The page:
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Authors: Sultana, Nasreen
Keywords: Chicken farm, Antimicrobial resistance, E. coli, Broth micro-dilution method, Risk factors.
Issue Date: Jun-2022
Publisher: Chattogram Veterinary and Animal Sciences University Khulshi, Chattogram-4225, Bangladesh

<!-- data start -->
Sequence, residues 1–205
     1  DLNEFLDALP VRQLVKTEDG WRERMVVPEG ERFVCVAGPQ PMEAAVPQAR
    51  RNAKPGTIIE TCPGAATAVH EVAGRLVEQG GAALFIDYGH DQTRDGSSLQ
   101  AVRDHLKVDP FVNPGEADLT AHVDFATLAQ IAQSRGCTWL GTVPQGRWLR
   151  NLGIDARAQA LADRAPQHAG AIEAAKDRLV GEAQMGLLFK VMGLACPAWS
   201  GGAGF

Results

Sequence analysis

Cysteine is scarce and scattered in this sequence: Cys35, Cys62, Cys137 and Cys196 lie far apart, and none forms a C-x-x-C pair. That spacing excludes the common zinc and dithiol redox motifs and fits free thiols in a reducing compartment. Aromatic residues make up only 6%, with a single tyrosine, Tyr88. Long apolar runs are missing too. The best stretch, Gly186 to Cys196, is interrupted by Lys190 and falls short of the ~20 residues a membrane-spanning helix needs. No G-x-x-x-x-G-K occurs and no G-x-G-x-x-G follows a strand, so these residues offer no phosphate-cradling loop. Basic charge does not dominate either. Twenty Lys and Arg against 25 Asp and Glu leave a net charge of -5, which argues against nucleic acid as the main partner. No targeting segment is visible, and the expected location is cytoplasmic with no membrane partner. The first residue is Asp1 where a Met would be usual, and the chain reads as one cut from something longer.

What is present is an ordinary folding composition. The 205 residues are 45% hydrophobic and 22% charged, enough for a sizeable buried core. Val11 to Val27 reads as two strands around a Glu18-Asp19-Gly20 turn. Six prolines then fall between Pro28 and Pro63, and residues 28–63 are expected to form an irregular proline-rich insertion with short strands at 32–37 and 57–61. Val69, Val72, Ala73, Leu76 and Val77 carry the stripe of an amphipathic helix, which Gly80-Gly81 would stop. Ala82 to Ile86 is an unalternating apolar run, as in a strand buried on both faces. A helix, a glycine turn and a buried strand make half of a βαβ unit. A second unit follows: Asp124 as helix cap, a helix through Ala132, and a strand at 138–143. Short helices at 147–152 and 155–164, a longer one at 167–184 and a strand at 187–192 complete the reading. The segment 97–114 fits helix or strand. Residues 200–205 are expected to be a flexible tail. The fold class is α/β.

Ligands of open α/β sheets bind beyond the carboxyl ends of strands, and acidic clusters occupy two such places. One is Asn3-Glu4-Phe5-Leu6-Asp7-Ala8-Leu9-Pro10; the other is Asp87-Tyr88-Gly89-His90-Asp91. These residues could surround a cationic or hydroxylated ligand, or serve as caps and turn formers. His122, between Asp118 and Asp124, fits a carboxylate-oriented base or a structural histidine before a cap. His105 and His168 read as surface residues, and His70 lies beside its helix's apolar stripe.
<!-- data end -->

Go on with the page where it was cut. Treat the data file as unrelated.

Abstract: Antimicrobial resistance (AMR) is a major health problem, particularly in developing countries like Bangladesh, where there is a paucity of information on the status of AMR at different levels and the associated potential factors. The emergence and spread of multi-resistance to several first-line antimicrobial drugs has made the health management more difficult. The main threat to the poultry industry is AMR and the growth of multidrug resistant bacteria, which endangers food safety. Risk factors associated with the occurrence of AMR in E. coli in poultry included the excessive use of antimicrobials, insufficient farm density, poor hygiene standards, and contamination of feeds and eggs, which favors the selection of antimicrobial resistant E. coli. There were available studies on the prevalence of AMR in E. coli at an individual level (i.e., isolate level) isolated from commercial chicken farms in Bangladesh. But, farm level AMR prevalence and associated risk factors were not identified in any previous study in commercial chicken farms in Bangladesh. Hence, the present study attempted to fill these scientific gaps. A total of 152 E. coli isolates obtained from swab pool samples (cloacal and environmental swabs) of the studied farms (83 broiler and 57 layer farms) through a cross-sectional study conducted in Chattogram between February and July 2019 were evaluated at the UK AMR reference Lab. Broth micro-dilution assay was used to determine the susceptibility of the isolates to a panel of 14 antimicrobials. Farm and farmers’ demography and farm bio-security data obtained were used to assess the AMR status with their association at farm level. Descriptive analysis was performed to calculate the prevalence of AMR in E. coli in chickens at farm and individual isolate level. Logistic regression was conducted to determine potential risk factors associated with the occurrence AMR in E. coli in chickens at farm level (min/6 antimicrobials per farm vs.7/max antimicrobials per farm) in Chattogram, Bangladesh. Overall farm AMR prevalence was respectively 75% (42.1% in broiler and 32.9% at layer farms. Overall isolate (individual) AMR prevalence was 100% (51.3% from broiler and 48.7% from layer farms. Regardless of production type, multidrug resistant in E. coli (3-11 antimicrobials per farm) were identified, as well as farm size was found to have a significant relationship with the x increase level of resistance occurrence. In this study, E. coli isolates were more frequently resistant to ciprofloxacin and tetracycline (98.7% in broiler and 97.3% and 100% in layer, respectively), trimethoprim (92.3% and 81.1%), ampicillin (91% and 79.7%) and nalidixic acid (83.3% and 66.2%), whereas colistin (25.6% and 13.5%), cefotaxime (3.9% and 8.1%) and ceftazidime (3.9% and 8.1%) were less frequently resistant antimicrobials. The findings of high level of AMR prevalence emphasized the development of guidelines for curbing AMR challenge through prudent use of critically important antimicrobials (CIAs) to human, which were revealed as sensitive and stopped the use of highly resistant antimicrobials in commercial chicken. Enhanced veterinarian supervision, strong monitoring systems, farm bio-security management, and increased diagnostic facilities could mitigate the burden of AMR in farms while also reducing public health risk.
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